Tag Archives: Mesa


2010 HCLA – Hospital or Medical Center

Honoree: Cancer Treatment Centers of America at Western Regional Medical Center

Cancer Treatment Centers of America at Western Regional Medical Center has been revolutionzing the medical field for over 30 yearsFor nearly 30 years, Cancer Treatment Centers of America has been revolutionizing cancer care, and in December 2008, CTCA opened the doors of its Western Regional Medical Center in Goodyear.

Under the guidance and strong leadership of President and CEO David Veillette, the center has proven to be different from other hospitals and treatment facilities. CTCA patients find a comprehensive and integrative approach to fighting cancer — all under one roof. Even more importantly, patients receive what Veillette calls the “Mother Standard” of care. More than a gold standard, the Mother Standard reflects the way stakeholders would want their own loved ones to be treated if they had cancer.

An innovator in health care, Veillette’s background in developing digital hospitals, including building the first all-digital heart hospital, provided the basis for Cancer Treatment Centers of America at Western Regional Medical Center to become the first and only all-digital cancer hospital in the United States.

This innovative design maximizes medical care, as patients benefit from greater efficiency created by real-time access to patient data; improved communication across departments; faster development of treatment plans; fewer medication errors, resulting in improved patient safety; and reduced turnaround times for lab results. In one year, Veillette and CTCA have made a tremendous impact on cancer care, not only in the Valley, but also across Arizona.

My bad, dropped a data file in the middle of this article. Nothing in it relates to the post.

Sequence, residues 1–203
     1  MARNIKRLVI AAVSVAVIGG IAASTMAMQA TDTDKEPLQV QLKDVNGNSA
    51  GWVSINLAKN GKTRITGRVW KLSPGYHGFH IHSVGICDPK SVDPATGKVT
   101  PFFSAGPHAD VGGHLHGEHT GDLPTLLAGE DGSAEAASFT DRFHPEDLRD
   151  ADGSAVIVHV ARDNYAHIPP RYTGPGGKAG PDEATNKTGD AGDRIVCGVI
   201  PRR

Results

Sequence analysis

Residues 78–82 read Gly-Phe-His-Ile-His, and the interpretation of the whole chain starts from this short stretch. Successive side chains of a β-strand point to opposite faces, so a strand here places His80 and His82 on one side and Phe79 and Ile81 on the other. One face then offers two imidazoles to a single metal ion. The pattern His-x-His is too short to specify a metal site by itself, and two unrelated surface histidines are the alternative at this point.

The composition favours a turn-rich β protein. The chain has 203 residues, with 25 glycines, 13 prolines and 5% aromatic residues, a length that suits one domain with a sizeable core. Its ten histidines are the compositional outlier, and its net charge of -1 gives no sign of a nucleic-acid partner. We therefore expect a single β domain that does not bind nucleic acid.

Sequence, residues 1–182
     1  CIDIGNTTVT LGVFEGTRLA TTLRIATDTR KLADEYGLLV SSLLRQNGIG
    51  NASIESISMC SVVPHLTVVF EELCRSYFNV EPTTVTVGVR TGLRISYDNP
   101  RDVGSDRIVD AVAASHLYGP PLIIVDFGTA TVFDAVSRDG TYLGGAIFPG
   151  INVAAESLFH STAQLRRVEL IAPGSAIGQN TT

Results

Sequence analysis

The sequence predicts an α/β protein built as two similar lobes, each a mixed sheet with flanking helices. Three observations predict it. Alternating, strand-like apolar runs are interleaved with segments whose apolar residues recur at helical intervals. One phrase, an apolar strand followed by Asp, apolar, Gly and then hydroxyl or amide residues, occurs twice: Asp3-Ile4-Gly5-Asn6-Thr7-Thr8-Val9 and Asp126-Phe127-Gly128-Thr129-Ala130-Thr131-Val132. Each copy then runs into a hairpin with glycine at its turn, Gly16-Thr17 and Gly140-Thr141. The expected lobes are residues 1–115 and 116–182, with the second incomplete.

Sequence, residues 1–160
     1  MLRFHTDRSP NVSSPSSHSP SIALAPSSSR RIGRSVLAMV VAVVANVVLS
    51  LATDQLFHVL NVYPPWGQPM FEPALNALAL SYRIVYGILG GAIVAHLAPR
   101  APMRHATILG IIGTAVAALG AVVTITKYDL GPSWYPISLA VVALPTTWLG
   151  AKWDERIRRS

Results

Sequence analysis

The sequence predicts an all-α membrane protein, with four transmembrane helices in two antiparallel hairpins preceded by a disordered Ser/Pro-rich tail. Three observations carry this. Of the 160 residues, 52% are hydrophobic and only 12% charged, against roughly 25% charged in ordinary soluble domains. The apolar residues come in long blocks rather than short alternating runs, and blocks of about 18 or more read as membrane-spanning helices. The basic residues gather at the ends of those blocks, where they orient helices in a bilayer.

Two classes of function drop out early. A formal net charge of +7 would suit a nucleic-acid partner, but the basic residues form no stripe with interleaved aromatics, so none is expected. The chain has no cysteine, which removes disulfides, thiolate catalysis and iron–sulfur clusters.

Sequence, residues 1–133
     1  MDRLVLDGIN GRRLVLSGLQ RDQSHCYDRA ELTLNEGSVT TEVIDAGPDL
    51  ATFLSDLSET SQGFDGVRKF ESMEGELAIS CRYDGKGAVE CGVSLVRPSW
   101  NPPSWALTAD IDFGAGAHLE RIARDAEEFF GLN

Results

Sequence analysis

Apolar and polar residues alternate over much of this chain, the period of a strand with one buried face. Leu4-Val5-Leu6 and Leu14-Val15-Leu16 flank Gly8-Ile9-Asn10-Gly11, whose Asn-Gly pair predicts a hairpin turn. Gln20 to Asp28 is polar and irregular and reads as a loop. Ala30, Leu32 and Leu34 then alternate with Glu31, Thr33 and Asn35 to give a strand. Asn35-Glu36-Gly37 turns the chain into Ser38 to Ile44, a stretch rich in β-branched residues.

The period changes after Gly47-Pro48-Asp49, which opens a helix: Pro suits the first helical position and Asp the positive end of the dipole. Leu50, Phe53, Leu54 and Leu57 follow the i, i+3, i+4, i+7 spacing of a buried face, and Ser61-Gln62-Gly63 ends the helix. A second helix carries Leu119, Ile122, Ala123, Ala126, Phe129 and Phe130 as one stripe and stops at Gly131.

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Finalists: Banner Simulation Medical Center

The Banner Simulation Medical Center in Mesa is changing the way doctors, nurses and other health care practitioners learn, and in many cases, re-learn their profession. Banner Simulation Medical Center

Under the leadership of Dr. Mark Smith and Carol Noe, the center pioneers health care learning with the use of high-tech mannequins. The mannequins help replicate myriad medical conditions and emergencies, all of which are conducted in educational training centers to reduce medical errors and improve patient care. Wired to computers, these mannequins can speak, breathe, bleed and mimic a host of medical ailments, including heart attacks, stroke and even birth. Smith, who completed a residency in obstetrics and gynecology in Phoenix, helped conceptualize and develop the simulation-training center. Noe led the development and standardization of simulation curricula for physicians, residents, medical students, nurses and allied health professionals.

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NextCare Urgent Care

But NextCare Urgent Care, under the leadership of founder and CEO Dr. John Shufeldt, has changed the way millions of patients view medical care.In the early 1990s, the concept of urgent care medicine was something new within the health care industry. But NextCare Urgent Care, under the leadership of founder and CEO Dr. John Shufeldt, has changed the way millions of patients view medical care.

From its beginnings 17 years ago in Mesa, with a staff of less than 10, NextCare has grown to become the country’s largest urgent care provider with 55 clinics across the nation, including 21 in Arizona. NextCare stays on the cutting edge of technology and reduces patient wait times by offering Web check-in, call-ahead patient scheduling, and electronic kiosk registration. Recently, NextCare became the only urgent care provider in the nation to offer conclusive H1N1 testing using Diatherix, which allows providers to decisively diagnose the specific type of virus in order to ensure the most effective treatment. Unlike some competitors, NextCare offers onsite medication dispensing.

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Arizona Business Magazine hosts their "2010 Health Care Leadership Awards" to honor those in the Health Industry

2010 HCLA – Hospital Executive